The Indian government on Monday rushed through a presidential decree to scrap Kashmir's special status, tightening its grip on a fractious region also claimed by Pakistan in the most significant change in seven decades to affect the Muslim-majority state.
India's Prime Minister Narendra Modi Hindu-nationalist party also moved a bill proposing to divide the territory into two regions to be directly ruled by New Delhi.
The government imposed a security lockdown on the Indian-administered part of Kashmir in the early hours of Monday after deploying tens of thousands of troops in the past week, claiming there was a terror threat.
Home Minister Amit Shah, a close ally of Modi, told parliament the president had signed a decree abolishing Article 370 of the constitution giving special autonomy to the Himalayan region.
The decree said the measure came into force "at once".
Kashmir has been divided between Indian and Pakistan since their independence in 1947. For three decades the Indian-administered part of the territory has been in the grip of an insurgency that has left tens of thousands dead.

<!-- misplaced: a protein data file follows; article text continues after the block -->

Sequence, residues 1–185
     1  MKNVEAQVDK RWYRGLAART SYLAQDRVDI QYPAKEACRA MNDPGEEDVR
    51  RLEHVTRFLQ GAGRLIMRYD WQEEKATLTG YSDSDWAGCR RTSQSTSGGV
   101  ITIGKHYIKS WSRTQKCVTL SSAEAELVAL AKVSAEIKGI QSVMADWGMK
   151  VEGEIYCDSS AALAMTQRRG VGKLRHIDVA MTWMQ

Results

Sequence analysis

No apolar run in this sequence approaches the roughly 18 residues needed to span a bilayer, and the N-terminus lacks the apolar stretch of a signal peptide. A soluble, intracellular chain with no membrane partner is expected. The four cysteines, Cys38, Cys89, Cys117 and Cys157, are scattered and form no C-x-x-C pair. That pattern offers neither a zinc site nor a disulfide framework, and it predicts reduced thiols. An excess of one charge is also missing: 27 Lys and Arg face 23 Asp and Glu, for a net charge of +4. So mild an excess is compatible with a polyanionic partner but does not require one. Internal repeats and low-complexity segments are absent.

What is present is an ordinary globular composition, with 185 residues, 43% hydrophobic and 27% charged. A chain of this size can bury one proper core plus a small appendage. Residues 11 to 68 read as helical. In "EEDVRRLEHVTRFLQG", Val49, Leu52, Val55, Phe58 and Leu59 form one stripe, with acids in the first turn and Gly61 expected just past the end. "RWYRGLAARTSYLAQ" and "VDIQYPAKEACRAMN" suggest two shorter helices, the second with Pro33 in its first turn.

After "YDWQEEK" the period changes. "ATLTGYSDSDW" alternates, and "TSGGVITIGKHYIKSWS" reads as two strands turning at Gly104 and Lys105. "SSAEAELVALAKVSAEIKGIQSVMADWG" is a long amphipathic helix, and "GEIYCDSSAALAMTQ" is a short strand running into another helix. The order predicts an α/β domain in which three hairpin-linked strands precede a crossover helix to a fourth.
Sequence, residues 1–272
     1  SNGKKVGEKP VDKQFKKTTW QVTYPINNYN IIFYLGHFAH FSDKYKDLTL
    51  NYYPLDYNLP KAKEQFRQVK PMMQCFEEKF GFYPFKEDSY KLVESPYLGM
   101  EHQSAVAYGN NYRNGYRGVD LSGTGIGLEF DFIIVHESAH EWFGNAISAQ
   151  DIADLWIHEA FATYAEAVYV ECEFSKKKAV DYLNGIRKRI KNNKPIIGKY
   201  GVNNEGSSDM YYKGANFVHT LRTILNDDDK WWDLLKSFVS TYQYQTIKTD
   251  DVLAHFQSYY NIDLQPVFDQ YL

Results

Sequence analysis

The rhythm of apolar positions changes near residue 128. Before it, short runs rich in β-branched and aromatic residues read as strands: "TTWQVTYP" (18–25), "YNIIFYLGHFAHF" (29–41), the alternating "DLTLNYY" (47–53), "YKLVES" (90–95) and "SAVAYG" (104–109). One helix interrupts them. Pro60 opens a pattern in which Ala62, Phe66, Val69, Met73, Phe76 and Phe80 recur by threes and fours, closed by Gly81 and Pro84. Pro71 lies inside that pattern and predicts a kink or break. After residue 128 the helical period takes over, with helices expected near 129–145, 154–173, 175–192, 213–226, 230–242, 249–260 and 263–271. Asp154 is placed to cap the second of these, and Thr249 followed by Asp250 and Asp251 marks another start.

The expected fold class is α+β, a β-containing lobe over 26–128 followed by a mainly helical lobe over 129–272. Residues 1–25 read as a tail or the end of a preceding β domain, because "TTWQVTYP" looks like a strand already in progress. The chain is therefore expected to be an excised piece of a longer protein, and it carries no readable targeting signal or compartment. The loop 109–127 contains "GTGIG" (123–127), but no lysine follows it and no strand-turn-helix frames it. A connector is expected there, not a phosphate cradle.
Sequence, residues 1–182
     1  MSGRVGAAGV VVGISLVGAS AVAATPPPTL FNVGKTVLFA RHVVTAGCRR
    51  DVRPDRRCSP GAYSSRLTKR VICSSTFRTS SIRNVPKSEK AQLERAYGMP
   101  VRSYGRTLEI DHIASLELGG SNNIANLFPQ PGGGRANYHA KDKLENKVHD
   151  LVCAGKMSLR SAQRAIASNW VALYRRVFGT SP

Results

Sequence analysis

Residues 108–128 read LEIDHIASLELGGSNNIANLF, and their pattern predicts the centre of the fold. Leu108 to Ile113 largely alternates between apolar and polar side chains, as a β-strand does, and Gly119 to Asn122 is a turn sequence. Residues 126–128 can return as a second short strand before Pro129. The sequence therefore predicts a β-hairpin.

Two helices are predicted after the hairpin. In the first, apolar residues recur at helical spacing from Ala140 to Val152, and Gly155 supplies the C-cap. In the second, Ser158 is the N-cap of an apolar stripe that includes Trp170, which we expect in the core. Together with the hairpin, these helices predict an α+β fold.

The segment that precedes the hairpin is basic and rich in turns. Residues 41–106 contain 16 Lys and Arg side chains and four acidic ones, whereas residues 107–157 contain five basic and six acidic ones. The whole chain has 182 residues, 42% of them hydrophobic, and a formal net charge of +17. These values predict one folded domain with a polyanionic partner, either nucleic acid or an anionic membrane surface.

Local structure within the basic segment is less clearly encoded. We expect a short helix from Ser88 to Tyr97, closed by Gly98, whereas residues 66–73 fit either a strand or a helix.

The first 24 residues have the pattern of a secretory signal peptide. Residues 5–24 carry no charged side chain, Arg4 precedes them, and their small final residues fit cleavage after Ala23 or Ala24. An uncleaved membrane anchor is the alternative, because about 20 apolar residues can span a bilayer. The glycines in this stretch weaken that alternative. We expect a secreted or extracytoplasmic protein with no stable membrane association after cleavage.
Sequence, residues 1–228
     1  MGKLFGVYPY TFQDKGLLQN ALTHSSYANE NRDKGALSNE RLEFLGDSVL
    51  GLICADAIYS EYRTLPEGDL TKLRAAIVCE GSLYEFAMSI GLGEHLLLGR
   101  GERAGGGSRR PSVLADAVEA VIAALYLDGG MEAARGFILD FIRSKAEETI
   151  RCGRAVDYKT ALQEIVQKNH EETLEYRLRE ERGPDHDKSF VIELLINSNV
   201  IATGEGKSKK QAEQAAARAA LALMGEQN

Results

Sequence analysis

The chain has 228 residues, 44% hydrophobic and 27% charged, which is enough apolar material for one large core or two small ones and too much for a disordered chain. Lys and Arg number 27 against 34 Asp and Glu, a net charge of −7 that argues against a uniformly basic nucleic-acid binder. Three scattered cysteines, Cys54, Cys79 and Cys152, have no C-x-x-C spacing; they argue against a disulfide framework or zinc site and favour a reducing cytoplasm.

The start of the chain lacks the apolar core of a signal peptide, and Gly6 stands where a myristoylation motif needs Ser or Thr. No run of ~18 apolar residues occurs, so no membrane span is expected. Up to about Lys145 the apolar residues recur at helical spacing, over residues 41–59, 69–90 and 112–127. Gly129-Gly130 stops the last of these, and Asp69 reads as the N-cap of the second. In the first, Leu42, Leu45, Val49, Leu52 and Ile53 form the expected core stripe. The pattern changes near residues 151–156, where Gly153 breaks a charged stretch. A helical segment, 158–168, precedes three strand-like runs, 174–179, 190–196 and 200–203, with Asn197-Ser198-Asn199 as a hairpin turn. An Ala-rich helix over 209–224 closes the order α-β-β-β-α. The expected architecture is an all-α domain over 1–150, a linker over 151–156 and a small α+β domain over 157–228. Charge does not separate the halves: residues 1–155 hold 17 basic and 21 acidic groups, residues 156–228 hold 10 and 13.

Former chief minister of Kashmir Mehbooba Mufti tweeted the latest move was the "darkest day in Indian democracy".
"Unilateral decision of GOI (government of India) to scrap Article 370 is illegal & unconstitutional which will make India an occupational force in J&K (Jammu and Kashmir)," she added.
Modi's Bharatiya Janata Party (BJP) obtained a large parliamentary majority in recent elections and vowed to fulfil a long-held promise to scrap the laws.
A key provision means non-Kashmiris will now be allowed to buy land in the region.
India has imposed a security clampdown on Kashmir and is rushing a bill through parliament to scrap the region's special status